Trails and Grooming at Omineca Ski Club

Dedicated volunteers maintaining quality trails

The Omineca Ski Club maintains over 26 km of groomed trails with every level of difficulty.  We also periodically groom trails outside of our recreational area in the adjacent Burns Lake Community Forest.  When the Spud system and Cedar routes are included there are about 45 km of groomed trails.

‘You are Here’ maps are posted throughout our trails (within the recreational area).  Maps can be downloaded  from our website or some hard copies  can be found in the waxing cabin (or posted on the front wall outside).  All of our trails are signed and named.

Our grooming protocol defines the priorities that will be followed after a snowfall.


We have several dedicated volunteers who maintain the trails in the winter. During the summer and fall, OSC often holds work bees to mow, trim and do tree removal on the trails. At times, we get assistance from local businesses as well as the Wildfire crew. We held a grooming clinic in January 2017 to help to train more groomers on some of the machines. 


We maintain three different machines in our grooming program:

The newest is the Bombardier (“Bombi”). With the skill of our operators and the widening to most of our trails, we can now get most of the system of trails completed efficiently by this one machine.

The Piston Bullie went through a major overhaul during the 2012/13 season and is used as our back-up machine.  We use it to groom some of the narrower trails and it is required during the shoulder seasons.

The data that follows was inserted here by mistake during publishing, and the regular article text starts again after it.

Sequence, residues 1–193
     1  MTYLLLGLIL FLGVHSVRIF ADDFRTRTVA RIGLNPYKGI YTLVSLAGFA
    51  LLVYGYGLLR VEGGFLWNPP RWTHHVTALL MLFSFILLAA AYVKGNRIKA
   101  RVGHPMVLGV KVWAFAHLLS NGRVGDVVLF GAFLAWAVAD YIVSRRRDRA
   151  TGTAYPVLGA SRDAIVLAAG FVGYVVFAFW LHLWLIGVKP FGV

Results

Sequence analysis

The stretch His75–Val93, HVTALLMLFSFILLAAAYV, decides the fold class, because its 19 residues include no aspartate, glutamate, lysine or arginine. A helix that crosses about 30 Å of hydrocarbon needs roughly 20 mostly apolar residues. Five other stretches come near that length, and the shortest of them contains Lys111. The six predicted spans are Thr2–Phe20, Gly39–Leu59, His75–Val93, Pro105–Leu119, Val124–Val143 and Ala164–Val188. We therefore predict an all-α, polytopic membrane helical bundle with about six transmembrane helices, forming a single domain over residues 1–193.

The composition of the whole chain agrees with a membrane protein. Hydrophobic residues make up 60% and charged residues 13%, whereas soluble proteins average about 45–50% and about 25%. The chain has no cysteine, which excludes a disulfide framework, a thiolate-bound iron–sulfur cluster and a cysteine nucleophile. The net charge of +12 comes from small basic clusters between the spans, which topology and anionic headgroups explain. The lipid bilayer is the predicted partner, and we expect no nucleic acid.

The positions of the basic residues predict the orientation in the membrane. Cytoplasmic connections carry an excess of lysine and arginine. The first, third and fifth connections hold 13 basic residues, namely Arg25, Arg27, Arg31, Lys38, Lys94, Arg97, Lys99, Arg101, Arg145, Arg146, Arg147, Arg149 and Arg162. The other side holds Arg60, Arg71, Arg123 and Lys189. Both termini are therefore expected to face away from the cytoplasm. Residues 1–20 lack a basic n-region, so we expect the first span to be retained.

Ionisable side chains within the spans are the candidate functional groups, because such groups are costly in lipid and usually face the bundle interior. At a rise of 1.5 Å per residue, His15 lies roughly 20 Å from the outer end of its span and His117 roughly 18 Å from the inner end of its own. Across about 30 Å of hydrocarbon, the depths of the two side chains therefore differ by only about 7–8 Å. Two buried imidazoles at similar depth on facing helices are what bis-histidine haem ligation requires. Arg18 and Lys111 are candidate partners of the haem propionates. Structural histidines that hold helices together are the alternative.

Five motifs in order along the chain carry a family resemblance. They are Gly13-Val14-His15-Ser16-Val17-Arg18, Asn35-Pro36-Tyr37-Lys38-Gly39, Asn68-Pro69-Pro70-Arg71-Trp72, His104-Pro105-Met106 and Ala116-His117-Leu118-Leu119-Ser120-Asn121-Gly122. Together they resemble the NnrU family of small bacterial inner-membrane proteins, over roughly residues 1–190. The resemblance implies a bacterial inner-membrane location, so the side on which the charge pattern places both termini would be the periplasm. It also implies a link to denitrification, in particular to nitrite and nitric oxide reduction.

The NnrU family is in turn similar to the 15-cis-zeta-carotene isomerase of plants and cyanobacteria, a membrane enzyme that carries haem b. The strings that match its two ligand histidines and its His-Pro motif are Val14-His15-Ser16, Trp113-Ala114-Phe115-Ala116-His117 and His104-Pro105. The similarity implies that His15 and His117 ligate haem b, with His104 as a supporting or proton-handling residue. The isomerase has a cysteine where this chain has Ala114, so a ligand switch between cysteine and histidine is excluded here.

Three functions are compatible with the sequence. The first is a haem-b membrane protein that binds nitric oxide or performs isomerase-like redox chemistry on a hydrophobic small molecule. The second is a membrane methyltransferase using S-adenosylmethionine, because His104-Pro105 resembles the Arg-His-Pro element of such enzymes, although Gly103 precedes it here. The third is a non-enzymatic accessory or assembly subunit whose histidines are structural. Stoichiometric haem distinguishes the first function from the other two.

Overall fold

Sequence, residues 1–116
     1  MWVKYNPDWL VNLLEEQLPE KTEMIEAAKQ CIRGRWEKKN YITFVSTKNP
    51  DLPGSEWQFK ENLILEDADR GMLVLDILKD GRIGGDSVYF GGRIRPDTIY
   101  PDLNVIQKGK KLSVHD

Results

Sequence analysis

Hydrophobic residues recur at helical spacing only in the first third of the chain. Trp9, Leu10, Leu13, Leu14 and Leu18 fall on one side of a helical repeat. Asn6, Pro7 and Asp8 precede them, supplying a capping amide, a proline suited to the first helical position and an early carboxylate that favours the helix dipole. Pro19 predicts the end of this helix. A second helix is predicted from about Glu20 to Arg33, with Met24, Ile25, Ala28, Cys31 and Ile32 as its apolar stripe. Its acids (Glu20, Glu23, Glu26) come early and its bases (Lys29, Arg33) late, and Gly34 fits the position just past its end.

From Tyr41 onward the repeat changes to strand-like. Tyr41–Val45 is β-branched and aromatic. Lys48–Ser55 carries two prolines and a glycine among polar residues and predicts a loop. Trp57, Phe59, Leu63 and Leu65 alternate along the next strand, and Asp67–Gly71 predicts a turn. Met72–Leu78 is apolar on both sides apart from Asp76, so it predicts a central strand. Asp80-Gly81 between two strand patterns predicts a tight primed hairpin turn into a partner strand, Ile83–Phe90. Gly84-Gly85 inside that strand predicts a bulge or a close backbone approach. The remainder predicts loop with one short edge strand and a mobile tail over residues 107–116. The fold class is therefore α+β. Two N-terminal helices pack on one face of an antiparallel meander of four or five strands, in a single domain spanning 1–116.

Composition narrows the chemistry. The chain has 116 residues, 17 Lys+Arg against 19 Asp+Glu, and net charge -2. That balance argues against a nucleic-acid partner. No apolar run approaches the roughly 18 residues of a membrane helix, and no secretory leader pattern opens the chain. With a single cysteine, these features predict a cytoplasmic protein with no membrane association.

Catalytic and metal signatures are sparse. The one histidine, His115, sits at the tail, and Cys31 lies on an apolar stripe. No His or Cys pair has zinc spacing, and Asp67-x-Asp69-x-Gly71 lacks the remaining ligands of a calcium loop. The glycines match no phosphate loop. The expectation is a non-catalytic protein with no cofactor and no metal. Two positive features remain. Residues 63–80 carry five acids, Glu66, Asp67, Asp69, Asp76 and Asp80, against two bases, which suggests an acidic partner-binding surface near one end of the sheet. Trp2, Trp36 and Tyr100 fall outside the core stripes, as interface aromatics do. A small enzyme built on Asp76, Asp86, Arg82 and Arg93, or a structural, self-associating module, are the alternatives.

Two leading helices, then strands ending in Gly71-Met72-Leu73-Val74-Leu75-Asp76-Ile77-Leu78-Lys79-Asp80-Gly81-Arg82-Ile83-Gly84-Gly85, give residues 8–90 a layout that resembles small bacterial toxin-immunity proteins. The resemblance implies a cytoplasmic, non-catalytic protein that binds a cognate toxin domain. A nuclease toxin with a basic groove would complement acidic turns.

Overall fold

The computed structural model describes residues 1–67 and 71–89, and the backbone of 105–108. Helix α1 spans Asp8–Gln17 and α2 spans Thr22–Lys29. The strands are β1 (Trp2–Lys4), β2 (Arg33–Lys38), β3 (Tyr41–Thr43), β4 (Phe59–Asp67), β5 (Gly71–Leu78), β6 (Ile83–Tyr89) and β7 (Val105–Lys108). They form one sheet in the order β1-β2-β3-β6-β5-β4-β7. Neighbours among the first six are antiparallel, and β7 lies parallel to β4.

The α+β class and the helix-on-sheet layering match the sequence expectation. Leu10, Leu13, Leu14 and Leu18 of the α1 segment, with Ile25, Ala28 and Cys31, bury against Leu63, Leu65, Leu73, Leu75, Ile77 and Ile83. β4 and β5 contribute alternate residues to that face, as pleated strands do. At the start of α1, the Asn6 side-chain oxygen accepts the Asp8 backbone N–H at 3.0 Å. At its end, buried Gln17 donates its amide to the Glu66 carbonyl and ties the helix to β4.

The snowmobile, with its upgraded trailer hitch in 2014, is a very versatile tool to get trails done quickly when the other machines are not available.  It was used extensively on the dog trails over the 2013/14 season.


During the off season, there are scheduled workbees for members to help in keeping the trails ready for the ski season.  Notifications of these workbees are usually sent out by email or will be posted on the website and Facebook.  If it weren’t for the efforts of all the volunteers of the club, much of this work would not get completed.

We also have a tractor, donated by the Williams Family, that is used to keep the grass mowed in both the stadium area and on the trails.

Thanks to Sean Broadworth, the current executive member in charge for organizing the events and keeping track of where all the blowdown has happened.  If you want to spend some time working on any trails, then give Sean a call and he can set you up with a plan.